May 15th, 2023, (Walleye early May)

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Dan Keller

UT DWR Fish Biologist
May is one of the best months to catch Walleye at Lake Powell. In fact, it’s one of the best months to catch most all the Sport Fish at Lake Powell! I say most, because in my opinion, the best time for Stripers is later in the year when boils start, can’t wait! Back to the subject of Walleye, Wayne wrote a detailed article on fishing for Walleye you can find here:

Walleye Information and Fishing Tips

Using many of the same tips shared in this article, we recently had success catching Walleye, mostly using curly tails on 1/8 oz jigs tipped with a worm. We also did well trolling shallow divers near cobble bars and shallow under water humps that came up to 10-15 feet. One of the best lures was a Berkley flicker shad (fire tiger color). We spent one evening just before dark and the following morning targeting Walleye, we camped in the back of the Escalante Arm and fished the cloudy water near our camp. We ended up catching 30 Walleye, not too bad considering we only targeted them for around 4-5 hours. We found plenty of Smallmouth Bass up shallow on their beds, the best bait we found was a watermelon Senko rigged with Wacky rig hook and O-ring (the O-ring saves lots of baits). We tried the muddy water with little success, we did better a few hundred yards out from the muddy water where the water was cloudy, not muddy. I like to drop a jig from the surface and note where it disappears, I have found 6-12 inches of visibility is a good range, offers Walleye the right amount of protection for their light sensitive eyes, yet enough visibility to feed effectively. Bottom bouncers using a worm harness is a great choice when the water is more on the muddy side, the Walleyes lateral line and olfactory senses (vibration and smell) help them key in on the spinner and worm working slowing along the bottom. In general, bass fishing will be better where water clears up, this could be the back of a canyon or the mouth, with the lake being at record lows early this year and now rapidly filling sediment and debris flows are different, be prepared to try new areas if your regular ones aren’t producing.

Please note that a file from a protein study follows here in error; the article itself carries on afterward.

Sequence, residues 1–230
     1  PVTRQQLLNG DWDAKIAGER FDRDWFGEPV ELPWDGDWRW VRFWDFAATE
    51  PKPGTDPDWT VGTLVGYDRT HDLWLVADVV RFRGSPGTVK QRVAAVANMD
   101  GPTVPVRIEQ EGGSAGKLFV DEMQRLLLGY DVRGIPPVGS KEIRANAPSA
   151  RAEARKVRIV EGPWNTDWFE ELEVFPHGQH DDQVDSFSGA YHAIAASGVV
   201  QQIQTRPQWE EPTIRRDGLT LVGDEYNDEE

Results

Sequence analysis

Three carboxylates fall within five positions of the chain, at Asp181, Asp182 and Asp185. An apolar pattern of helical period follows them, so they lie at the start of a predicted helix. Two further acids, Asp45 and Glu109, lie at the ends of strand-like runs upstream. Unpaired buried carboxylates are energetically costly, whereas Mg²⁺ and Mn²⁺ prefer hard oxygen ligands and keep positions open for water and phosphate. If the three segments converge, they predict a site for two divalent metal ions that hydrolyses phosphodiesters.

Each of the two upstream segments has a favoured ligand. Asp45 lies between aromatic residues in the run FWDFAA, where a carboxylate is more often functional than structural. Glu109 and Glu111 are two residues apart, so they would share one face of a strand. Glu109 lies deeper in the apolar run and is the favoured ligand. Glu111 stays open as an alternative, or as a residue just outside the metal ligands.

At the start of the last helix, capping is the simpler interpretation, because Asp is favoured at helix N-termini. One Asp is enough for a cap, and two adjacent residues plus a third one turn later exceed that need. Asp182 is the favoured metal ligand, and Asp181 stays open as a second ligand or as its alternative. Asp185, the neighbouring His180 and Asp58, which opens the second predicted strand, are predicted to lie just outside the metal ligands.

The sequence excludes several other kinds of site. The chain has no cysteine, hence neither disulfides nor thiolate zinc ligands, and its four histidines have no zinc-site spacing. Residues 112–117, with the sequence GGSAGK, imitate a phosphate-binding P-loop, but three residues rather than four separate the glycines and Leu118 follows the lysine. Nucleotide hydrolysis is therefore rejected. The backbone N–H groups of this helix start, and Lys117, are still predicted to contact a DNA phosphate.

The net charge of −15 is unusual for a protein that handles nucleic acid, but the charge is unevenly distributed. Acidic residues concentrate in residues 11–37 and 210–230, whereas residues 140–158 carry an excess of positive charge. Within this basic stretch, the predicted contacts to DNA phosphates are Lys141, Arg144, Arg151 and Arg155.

I attached a figure showing trends in Walleye numbers as measured by our fall gill net survey. You will notice that Walleye numbers at Good Hope are far greater than other sites we monitor. The North end of the lake, Bullfrog up to Good Hope Bay is where you are more likely to find Walleye, however, you will also see that in 2022 the number of Walleye at Wahweap increased significantly, time will tell if that trend continues. If you want to target Walleye, get out on the water and make it happen. If you catch a random Walleye while bass fishing, mark the location and return early in the morning or as the sun is setting, this will really increase your odds of catching more Walleye. Spring fishing is finally here, get out and enjoy !


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